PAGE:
GILLETTE — Tiffani Reed and Raylee Bachtold, 18-year-old seniors at Campbell County High School, share a longtime deep friendship and motivation.
Wanting to highlight the issues with bullying in the community and Campbell County schools, they entered the state’s Safe2Tell video competition.
They’ve succeeded in many ways to tell the impact of bullying on victims, whether they’re kids or adults.
They’ve also succeeded in a competition, winning a statewide contest and earning cash for themselves and their journalism class.
Ironically, they weren’t speaking to each other at the time they started the project. They were arguing.
The pair thought it might be the end of a 14-year friendship, but the argument and video had the opposite effect.
The film project and what they hoped to accomplish helped tighten a bond that had been strained by some tension.
“We were sitting next to each other (in journalism class) and we weren’t speaking. We were yelling,” Bachtold said.
“I realized what we were arguing about was stupid,” Reed added.
They said their hope is the film project will now open the eyes of Gillette in a similar way.
It was a project they started in October, modeled after the movie “A Girl Like Her.”
They used conversations from CCHS students, teachers, the school resource officer and the school’s first-year principal to discuss bullying. They filmed them in black and white, giving a sparse feel to the discussion. It mirrored what victims of bullying often feel.
Reed and Bachtold have been victims of bullying. Both also have lost someone they loved from suicide or watched others deal with depression caused by bullying or hurtful remarks.
Reed said she’s struggled with depression since seventh grade. Bullying has made that worse, often causing her to doubt herself.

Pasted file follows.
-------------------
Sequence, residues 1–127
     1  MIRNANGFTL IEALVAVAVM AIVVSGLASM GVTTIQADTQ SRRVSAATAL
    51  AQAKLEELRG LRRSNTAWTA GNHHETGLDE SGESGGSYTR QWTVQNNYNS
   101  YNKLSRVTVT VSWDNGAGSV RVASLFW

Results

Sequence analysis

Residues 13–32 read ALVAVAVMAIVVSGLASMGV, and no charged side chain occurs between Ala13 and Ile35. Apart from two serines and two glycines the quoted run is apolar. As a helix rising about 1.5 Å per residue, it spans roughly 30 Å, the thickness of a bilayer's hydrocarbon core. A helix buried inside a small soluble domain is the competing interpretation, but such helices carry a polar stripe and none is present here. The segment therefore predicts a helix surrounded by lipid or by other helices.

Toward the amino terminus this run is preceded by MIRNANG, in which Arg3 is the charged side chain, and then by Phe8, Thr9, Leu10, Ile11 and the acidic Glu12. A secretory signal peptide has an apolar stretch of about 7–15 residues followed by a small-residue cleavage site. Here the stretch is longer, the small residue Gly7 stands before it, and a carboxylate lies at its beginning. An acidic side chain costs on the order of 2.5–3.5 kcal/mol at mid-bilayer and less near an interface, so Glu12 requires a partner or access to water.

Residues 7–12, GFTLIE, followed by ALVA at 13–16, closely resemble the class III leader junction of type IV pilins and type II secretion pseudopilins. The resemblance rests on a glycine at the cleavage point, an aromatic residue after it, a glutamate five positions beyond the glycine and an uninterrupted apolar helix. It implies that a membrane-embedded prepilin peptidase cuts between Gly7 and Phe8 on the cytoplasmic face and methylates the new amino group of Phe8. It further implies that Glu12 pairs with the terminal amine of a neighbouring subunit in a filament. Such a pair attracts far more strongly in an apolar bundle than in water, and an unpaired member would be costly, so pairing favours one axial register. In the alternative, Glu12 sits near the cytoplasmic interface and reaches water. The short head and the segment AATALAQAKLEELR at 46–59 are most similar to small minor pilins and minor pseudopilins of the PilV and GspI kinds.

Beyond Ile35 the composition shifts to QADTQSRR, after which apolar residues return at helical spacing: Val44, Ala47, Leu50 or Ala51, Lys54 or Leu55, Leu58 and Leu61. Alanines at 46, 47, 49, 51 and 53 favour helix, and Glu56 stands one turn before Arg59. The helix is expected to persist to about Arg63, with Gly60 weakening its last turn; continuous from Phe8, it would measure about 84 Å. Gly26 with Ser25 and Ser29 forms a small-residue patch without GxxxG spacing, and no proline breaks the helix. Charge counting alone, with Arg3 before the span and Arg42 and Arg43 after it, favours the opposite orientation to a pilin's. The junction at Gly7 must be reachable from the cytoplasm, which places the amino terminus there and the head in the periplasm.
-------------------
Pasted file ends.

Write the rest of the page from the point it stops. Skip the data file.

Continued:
The Safe2Tell videos could be up to 5 minutes long. Reed and Bachtold had enough for a 10-minute feature. After cutting, they came up with a story that’s 5:01 minutes in length.
“It starts the topic,” Reed said about generating discussion surrounding bullying and suicide.
But it also took a redo.
Their journalism teacher, Claire Carter, didn’t assist in the process, but did tell them with just two class periods to go before the entry was due that “it wasn’t good enough,” Reed said.
In those final two classes, the duo set out to re-shoot the video with one question.
“I started crying,” Reed said of her initial reaction. “I didn’t know if we could get it done. We didn’t think we would make it.”
But their anti-bullying video was ranked among the top five in Wyoming in the first round of competition. Also making the top five were videos submitted from Sheridan and Cheyenne. Three of the final projects were from Gillette: two from CCHS students and a third from Thunder Basin High School.
Carter taught all six students who teamed up to create the three videos.
“I’m proud of them,” she said, pointing to Reed and Bachtold. “They actually listened to me. ... What amazed me is these girls took it personally. They took it to heart.”
As a result, they won $250 each for their efforts and $500 for the journalism class, which will be used to buy a new video camera.
“I’m thrilled. It’s a win, win,” Carter said. “I’m glad they won because they deserved it.”
The biggest move for the young filmmakers may have been choosing to make the video in black and white.
They also made other choices, including placing the Safe2Tell logo throughout the video, and a record button symbol that flashes red.
They wrote the questions for the video, but it’s the nine-member cast that conveys the meaning. The questions are flashed across the screen.
“At the end of the day, I didn’t do it for the money. I just wanted to bring it out,” Reed said.
Then they echo each other’s words: “It’s possibly the best video I’ve ever done.”
Safe2Tell isn’t the only group that agrees.
The video has received 46,000 views on Reed’s Facebook page and 800 views on YouTube under the CCHS journalism tag.